gernot.hei...@data61.csiro.au writes:
> The server’s apparent WCET is only 2W if the client fails to ensure that it’s 
> got enough budget left. That’s a client bug, the client can ensure that it 
> invokes the server with a fresh budget. It’s not the kernel’s job to ensure 
> that buggy clients get optimal service.

I see. Though wouldn't it make more sense for the server to check, instead of 
the client? Because the server needs to check anyway, so that a misbehaving 
client can't DoS other clients by repeatedly calling the server with 
insufficient budget and forcing the server to repeatedly time out and recover. 
And because the server is in a better position to handle its data-dependent 
execution times (i.e. as you said, not just pessimistically bail if remaining 
budget < WCET). So, the client can call unconditionally, the server can return 
an error code whenever it discovers it won't be able to finish in time, and the 
client's error checking doesn't depend on timing info about the server.

Anyway, that made me think of where else limited server time is a problem. At 
19:13 in your presentation “Mixed-criticality support in seL4” at 
https://www.youtube.com/watch?v=ijTTZgQ8cB4 you gave the example of network 
drivers needing timely response to avoid packet loss. The solution at 30:47 was 
a scheduling context with high priority, short period, and budget<period to 
limit utilization, which allowed a deadline guarantee for a higher-criticality 
thread, and allowed a low-criticality thread to use the slack.

But network traffic might be mixed criticality. For example, real-time sensor 
data mixed with bulk file transfers. Suppose the most critical thread must be 
allocated 90% to cover its worst case utilization, but its average is 20%. The 
network driver then can be allocated only 10%, but it's plenty to transceive 
the critical traffic. Suppose also that to saturate the network link, the bulk 
transfer thread (which runs as slack) would need 50% and the network driver 
would need 20% (twice its allocation) to transceive fast enough. In this case, 
total utilization will average less than 80%, and the bulk transfer will be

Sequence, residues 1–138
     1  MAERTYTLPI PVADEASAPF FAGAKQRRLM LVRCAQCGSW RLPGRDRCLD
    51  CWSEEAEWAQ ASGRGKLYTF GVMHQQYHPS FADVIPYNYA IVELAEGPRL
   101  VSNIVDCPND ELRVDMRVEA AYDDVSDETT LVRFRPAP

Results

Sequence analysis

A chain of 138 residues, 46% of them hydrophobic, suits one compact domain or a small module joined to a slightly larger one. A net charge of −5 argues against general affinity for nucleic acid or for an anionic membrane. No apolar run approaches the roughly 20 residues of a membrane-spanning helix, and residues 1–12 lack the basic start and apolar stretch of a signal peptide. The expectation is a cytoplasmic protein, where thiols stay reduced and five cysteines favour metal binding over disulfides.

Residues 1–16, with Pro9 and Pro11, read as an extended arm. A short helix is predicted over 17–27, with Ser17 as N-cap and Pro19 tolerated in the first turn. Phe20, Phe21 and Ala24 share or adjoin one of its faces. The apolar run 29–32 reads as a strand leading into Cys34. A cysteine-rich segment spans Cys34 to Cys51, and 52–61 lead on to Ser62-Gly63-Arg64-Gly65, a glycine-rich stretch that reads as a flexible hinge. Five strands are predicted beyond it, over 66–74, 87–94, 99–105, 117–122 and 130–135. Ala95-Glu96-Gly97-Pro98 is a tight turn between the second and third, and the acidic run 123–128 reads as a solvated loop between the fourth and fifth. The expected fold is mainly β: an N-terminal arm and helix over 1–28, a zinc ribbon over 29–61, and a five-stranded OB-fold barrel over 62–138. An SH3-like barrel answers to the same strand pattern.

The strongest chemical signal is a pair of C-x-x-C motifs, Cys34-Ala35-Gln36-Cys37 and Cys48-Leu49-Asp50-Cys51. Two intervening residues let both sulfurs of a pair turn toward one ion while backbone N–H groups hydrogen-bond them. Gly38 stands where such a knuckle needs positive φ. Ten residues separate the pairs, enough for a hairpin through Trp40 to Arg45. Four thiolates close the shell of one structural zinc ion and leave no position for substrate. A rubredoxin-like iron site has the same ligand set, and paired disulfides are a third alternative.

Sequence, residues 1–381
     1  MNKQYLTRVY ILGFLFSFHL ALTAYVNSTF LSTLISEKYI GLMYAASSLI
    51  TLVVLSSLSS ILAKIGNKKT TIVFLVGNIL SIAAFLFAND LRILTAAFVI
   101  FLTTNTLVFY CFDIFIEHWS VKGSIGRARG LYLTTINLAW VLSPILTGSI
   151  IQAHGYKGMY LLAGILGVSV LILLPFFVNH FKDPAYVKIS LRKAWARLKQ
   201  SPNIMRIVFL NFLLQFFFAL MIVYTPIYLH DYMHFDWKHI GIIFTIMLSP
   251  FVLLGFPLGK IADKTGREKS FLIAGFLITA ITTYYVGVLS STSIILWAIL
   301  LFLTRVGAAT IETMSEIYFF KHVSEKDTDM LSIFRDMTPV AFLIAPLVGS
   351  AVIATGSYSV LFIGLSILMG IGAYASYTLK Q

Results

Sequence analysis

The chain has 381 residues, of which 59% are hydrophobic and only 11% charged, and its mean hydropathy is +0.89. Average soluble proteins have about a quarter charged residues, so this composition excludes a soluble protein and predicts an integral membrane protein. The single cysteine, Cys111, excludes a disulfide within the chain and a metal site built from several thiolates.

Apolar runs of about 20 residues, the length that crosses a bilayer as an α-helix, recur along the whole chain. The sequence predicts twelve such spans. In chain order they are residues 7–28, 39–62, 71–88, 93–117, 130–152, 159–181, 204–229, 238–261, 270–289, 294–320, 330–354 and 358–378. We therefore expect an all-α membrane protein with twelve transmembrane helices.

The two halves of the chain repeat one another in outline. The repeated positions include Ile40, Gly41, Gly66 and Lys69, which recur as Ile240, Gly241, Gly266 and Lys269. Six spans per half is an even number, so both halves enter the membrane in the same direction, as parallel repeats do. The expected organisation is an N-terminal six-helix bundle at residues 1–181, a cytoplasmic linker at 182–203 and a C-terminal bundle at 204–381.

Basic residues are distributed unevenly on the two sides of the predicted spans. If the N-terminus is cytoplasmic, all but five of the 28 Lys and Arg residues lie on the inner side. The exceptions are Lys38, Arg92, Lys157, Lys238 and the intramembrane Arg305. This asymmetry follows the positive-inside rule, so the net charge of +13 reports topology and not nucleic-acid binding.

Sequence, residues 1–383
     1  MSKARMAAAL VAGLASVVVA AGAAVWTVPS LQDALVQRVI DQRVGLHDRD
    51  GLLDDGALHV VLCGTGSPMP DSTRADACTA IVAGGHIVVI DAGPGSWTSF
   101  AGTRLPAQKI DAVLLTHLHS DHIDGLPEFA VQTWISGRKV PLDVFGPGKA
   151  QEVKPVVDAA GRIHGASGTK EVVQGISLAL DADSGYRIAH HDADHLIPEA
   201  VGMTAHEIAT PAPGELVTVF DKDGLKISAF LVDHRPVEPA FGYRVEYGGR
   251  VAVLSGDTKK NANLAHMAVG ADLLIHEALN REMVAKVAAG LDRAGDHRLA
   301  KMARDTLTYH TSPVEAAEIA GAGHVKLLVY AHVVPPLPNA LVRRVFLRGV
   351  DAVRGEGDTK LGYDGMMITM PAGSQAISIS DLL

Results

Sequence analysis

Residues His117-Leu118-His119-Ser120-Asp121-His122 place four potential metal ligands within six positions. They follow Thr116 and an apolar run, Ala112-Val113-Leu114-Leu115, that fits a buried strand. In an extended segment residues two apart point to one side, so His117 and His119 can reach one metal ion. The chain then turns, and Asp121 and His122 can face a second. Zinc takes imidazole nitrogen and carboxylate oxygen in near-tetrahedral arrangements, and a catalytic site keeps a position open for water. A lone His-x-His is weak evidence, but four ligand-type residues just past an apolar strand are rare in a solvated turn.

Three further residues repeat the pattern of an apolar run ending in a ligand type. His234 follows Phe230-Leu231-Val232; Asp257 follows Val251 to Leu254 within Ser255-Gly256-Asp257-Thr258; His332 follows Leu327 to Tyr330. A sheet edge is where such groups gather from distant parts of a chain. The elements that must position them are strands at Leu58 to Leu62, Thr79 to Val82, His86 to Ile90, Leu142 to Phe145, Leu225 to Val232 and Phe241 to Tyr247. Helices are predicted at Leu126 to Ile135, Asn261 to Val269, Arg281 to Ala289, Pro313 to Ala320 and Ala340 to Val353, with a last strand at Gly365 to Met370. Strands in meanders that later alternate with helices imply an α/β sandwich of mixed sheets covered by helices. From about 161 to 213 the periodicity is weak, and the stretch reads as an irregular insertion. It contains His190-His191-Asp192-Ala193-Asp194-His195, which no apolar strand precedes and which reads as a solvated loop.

unnecessarily throttled.

One solution would be to assign two contexts to the network driver: the 
standard 10% high priority context and a 100% low-priority context, and run the 
driver whenever either context allows. Then average total utilization could 
rise to 90% (with 20% for the network driver) to avoid throttling the bulk 
transfer.

But at 23:04 in your presentation, you explained that with traditional time 
slicing, one client can DoS another if it doesn't have to pay the time cost of 
running a high-priority server, and the solution at 32:03 is running the server 
using the client's budget, which gives me another idea: why give the network 
driver an independent budget at all? Even if the driver needs a short period, 
it still makes sense to run using the client's budget. It's pointless to avoid 
dropping packets if the client is too slow to consume them anyway, which means 
the client must be guaranteed suitable utilization; therefore, simply guarantee 
enough additional utilization to cover the cost of the network driver's 
service, and when the driver transceives data on the client's behalf, charge 
the client for the time.

That way, there's no need for a second driver context to fully serve the slack 
thread, nor even a need for one complete context (with budget) to serve the 
most critical thread.

BTW, at 40:42, you described a UAV system with an A15-based mission board and 
an M3-based flight control board, which you said you would have designed to be 
more simple if not representing a legacy system. In particular, would you 
eliminate the separate flight control MCU, and run everything on one CPU?

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